“A new critical edition of the Peshitta Gospels is needed, though the quantity of Peshita mss. renders this a formidable task.” So say R.B. ter Haar Romeny and C.E. Morrison in their entry on the Peshitta in GEDSH (p. 330). This manuscript, now much reduced and scattered, more folios of which might appear elsewhere lurking at the beginning or end of manuscripts at Saint Mark’s, adds to that quantity of Peshitta manuscripts: for Mark in the front pastedown of SMMJ 159, and for John and Matthew in the front pastedown of SMMJ 68. Not that these particular Syriac Gospel witnesses are all that unique or interesting, but they do serve as a reminder of the surprises manuscripts can offer. And, from a different angle, the script here has much to appreciate for its clarity and simplicity; it would make an easy exercise for beginning students to practice their reading skills.
Yesterday Alin Suciu posted a notice of a Bohairic Coptic leaf with some lines from the martyrdom of Macrobius that was recently found in a Syriac manuscript from Saint Mark’s Monastery in Jerusalem. He also mentioned the entry for that martyr in an Arabic synaxarion (published in PO 16.2, 190-193). The same entry also exists in the Gǝʿǝz synaxarion (published in PO 46.3, 304-309). The saint is commemorated on 2 Baramhāt (ⲡⲁⲣⲉⲙϩⲟⲧⲡ; see Crum 269a for the forms) in the Copto-Arabic synaxarion and 2 Mäggabit in the Gǝʿǝz synaxarion. (According to the Mensium tabulae in BHO, this date corresponds to Feb. 26 — “15 février” in the FT of PO 16 is an error; it is correctly given as “26 février” in the running title — but according to Colin’s table in PO 48.3, the Ethiopian date is Mar. 11.)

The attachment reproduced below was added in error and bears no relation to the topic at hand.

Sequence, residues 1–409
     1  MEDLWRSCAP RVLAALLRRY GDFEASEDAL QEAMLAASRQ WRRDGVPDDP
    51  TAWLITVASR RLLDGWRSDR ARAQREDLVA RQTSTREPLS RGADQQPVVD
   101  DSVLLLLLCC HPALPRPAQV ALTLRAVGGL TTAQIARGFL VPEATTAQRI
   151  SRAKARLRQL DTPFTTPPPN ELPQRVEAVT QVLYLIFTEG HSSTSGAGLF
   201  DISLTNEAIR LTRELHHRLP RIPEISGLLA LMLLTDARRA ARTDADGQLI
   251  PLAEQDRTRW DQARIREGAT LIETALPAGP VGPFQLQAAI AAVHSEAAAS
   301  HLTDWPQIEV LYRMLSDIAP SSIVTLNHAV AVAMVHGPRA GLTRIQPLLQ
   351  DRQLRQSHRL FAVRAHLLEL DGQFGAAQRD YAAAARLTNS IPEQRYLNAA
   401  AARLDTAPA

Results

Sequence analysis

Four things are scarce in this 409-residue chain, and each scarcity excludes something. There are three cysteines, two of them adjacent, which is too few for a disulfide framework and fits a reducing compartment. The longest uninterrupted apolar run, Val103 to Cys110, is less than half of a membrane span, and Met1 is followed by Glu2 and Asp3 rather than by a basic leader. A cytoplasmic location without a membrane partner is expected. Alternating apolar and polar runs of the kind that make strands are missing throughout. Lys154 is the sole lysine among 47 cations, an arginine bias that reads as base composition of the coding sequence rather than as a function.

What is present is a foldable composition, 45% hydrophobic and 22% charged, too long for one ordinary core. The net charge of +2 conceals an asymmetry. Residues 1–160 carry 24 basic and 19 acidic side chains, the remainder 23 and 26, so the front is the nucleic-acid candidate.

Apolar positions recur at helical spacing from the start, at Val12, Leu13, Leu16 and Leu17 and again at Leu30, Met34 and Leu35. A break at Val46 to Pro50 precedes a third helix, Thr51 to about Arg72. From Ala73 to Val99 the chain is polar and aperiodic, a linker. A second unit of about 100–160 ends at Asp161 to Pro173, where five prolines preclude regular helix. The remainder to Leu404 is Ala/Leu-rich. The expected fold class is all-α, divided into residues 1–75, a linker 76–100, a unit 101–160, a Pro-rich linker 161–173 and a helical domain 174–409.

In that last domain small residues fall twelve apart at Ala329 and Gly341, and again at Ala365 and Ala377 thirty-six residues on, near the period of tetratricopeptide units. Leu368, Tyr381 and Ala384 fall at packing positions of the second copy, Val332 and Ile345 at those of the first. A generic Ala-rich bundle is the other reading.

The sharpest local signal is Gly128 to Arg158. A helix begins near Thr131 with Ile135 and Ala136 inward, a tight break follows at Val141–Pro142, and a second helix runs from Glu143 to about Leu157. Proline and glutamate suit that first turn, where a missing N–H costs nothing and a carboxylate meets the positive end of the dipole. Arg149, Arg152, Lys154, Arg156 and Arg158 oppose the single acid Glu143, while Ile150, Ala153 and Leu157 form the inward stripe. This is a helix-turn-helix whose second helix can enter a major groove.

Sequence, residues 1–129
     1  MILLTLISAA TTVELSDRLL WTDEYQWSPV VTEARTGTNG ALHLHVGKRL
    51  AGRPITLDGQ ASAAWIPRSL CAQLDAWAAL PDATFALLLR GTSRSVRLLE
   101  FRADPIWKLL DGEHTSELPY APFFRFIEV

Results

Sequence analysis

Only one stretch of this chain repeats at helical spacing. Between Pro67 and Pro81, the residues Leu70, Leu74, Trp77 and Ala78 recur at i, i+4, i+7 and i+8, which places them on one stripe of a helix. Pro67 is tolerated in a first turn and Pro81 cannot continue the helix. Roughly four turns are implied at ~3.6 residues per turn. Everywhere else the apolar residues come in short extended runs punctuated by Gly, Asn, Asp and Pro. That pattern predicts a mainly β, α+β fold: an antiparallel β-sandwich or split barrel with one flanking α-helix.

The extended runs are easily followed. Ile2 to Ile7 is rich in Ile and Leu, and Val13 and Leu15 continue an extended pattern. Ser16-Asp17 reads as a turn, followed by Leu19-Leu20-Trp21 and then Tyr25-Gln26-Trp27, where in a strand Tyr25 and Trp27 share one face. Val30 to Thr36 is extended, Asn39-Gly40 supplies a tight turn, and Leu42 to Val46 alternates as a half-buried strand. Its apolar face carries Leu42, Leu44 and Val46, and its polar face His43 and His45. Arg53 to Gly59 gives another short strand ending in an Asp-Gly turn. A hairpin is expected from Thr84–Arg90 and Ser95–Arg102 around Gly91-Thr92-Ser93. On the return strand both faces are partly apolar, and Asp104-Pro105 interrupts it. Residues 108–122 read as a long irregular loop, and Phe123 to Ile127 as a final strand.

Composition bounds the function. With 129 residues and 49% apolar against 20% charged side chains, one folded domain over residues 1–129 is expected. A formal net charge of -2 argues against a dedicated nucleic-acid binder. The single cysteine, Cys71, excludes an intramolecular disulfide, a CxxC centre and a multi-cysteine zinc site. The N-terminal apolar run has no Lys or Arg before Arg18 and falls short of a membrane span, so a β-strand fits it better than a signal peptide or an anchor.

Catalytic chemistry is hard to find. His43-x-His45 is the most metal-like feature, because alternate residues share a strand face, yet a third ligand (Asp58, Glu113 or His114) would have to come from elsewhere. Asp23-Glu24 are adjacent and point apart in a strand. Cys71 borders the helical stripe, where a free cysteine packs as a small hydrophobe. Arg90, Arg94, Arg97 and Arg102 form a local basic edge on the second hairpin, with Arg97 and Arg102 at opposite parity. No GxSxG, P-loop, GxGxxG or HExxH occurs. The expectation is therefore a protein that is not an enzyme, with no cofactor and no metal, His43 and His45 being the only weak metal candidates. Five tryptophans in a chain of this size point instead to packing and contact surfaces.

Alin notes that the new Coptic leaf has “part of the episode when Macrobius is boiled by the governor Armenius in grease, oil and pitch.” Saints’ lives sometimes exist in two lengths: a shorter notice in the synaxarion and a longer — sometimes considerably longer — one, which may be a vita (or sīra), collection of miracles, martyrdom account, an encomium, or a combination of these types, and which may circulate on its own, that is, not in a calendrical series like the synaxarion. Naturally, many more saints are listed in the synaxarion than have their own separate stories, and when more than one kind of hagiographic text exists for a particular saint, the episodes of the stories may vary more or less, whether in the same language or across languages. The Copto-Arabic and the Gǝʿǝz texts referred to above for Macrobius are essentially the same, but distinct from that of the longer encomium published by Hyvernat. Here is the beginning, with an ET of the Arabic and different readings in the Gǝʿǝz in brackets, of the synaxarion entries: